Durability of open repair of juxtarenal abdominal aortic aneurysms

Shirling Tsai, Mark F. Conrad, Virendra I. Patel, Christopher J. Kwolek, Glenn M. Lamuraglia, David C. Brewster, Richard P. Cambria

Research output: Contribution to journalArticlepeer-review

51 Scopus citations

Abstract

Objective: As branched/fenestrated endografts expand endovascular options for juxtarenal abdominal aortic aneurysms (JAAAs), long-term durability will be compared to that of open JAAA repair, which has not been documented in large contemporary series. The goal of this study was to assess the late clinical and anatomic outcomes after open JAAA repair. Methods: From July 2001 to December 2007, 199 patients underwent open elective JAAA repair, as defined by a need for suprarenal clamping. End points included perioperative and late survival, long-term follow-up of renal function, and freedom from graft-related complications. Factors predictive of survival were determined by multivariate analysis. Results: The mean patient age was 74 years, 71% were men, and 20% had baseline renal insufficiency (Cr >1.5). Thirty-seven renal artery bypasses, for anatomic necessity or ostial stenosis, were performed in 36 patients. Overall 30-day mortality was 2.5%. Four patients (2.0%) required early dialysis; one patient recovered by discharge. Two additional patients progressed to dialysis over long-term follow-up. There was one graft infection involving one limb of a bifurcated graft. Surveillance imaging was obtained in 101 patients (72% of survivors) at a mean follow-up of 41 ± 28 months. Renal artery occlusion occurred in four patients (3% of imaged renal arteries; one native/three grafts). Two patients (2.0%) had aneurysmal degeneration of the aorta either proximal or distal to the repaired segment, but there were no anastomotic pseudoaneurysms. Remote aneurysms were found in 29 patients (29% of imaged patients), 14 of whom had descending thoracic aneurysm or TAAA. Four patients underwent subsequent thoracic endovascular aneurysm repair (TEVAR). Actuarial survival was 74 ± 3.3% at 5 years. Negative predictors of survival included increasing age at the time of operation (relative risk [RR], 1.05; P =.01), steroid use (RR, 2.20; P =.001), and elevated preoperative creatinine (RR, 1.73; P =.02). Conclusions: Open JAAA repair yields excellent long-term anatomic durability and preserves renal function. Perioperative renal insufficiency occurs in 8.5% of patients, but few of them progress to dialysis. Graft-related complications are rare (2% at 40 months); however, axial imaging revealed descending thoracic aneurysms in 14% of imaged patients, making continued surveillance for remote aneurysms prudent. These data provide a benchmark against which fenestrated/branched endovascular aneurysm repair (EVAR) outcomes can be compared.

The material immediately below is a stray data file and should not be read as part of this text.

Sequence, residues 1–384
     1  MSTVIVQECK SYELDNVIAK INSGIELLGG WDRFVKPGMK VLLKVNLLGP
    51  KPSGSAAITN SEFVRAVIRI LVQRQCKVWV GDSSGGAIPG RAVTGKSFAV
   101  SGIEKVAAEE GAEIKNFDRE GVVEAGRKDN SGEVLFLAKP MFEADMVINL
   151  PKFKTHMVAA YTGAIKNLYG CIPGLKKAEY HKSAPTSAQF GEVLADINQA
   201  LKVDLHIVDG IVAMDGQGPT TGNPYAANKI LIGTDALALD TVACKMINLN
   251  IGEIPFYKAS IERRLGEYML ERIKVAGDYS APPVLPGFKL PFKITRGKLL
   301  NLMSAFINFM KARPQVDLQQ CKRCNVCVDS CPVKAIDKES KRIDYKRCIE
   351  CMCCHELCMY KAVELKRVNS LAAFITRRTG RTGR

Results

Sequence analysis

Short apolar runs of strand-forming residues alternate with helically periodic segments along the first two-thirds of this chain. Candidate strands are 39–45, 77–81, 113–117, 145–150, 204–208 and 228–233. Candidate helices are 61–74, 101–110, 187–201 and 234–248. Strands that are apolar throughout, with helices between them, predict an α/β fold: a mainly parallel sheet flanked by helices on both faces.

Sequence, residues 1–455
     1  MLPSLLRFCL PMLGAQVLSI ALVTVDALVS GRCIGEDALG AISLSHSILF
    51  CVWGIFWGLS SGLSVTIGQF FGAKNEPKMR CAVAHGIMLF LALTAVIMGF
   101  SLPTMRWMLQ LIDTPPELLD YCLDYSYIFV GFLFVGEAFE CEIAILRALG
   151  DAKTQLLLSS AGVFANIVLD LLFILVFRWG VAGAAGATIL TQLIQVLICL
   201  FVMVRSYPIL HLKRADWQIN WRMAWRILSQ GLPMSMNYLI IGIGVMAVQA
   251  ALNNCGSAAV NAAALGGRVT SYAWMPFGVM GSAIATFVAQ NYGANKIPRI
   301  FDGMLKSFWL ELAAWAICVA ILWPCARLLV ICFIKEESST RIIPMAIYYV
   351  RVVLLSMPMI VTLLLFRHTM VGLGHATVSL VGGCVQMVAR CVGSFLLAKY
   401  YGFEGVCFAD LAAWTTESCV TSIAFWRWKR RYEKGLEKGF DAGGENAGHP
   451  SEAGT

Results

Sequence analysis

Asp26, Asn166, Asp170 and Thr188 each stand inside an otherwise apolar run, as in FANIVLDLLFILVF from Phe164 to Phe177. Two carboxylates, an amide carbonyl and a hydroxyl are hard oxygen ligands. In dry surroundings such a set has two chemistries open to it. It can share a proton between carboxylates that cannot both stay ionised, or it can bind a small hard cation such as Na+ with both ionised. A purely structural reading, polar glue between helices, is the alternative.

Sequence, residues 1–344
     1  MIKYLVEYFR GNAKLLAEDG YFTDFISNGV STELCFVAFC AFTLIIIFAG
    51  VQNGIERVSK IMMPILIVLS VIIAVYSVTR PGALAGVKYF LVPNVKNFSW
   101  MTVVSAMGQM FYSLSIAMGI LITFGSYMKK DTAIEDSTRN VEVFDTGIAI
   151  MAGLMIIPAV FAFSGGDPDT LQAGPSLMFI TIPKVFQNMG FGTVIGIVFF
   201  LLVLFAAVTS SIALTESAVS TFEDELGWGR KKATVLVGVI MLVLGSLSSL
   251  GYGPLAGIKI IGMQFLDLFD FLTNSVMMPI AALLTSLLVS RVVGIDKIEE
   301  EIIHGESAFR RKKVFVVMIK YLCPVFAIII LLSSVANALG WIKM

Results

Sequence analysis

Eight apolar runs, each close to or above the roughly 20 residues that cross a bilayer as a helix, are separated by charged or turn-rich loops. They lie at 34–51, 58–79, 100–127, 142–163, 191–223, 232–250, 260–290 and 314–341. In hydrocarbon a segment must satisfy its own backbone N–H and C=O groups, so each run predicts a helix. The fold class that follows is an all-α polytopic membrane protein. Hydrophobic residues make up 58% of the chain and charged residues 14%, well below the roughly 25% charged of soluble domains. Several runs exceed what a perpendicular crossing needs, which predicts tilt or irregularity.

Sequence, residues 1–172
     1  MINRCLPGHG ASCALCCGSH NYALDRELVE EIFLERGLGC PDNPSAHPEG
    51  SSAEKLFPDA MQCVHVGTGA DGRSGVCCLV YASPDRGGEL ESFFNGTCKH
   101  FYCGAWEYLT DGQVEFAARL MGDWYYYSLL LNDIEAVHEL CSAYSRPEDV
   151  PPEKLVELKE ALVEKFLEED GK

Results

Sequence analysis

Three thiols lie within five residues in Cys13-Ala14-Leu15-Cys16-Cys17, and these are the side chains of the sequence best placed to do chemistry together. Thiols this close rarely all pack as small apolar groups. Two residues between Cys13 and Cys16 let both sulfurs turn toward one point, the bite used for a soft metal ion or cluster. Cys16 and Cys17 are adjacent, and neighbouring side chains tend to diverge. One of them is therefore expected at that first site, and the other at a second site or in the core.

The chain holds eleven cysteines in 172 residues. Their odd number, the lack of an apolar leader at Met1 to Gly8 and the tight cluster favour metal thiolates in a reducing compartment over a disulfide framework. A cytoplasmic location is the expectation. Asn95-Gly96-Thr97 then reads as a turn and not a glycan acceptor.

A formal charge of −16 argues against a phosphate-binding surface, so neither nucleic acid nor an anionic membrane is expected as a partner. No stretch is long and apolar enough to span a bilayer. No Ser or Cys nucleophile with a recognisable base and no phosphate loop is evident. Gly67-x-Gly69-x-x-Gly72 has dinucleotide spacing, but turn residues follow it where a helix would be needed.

Original languageEnglish (US)
Pages (from-to)2-7
Number of pages6
JournalJournal of vascular surgery
Volume56
Issue number1
DOIs
StatePublished - Jul 2012

ASJC Scopus subject areas

  • Surgery
  • Cardiology and Cardiovascular Medicine

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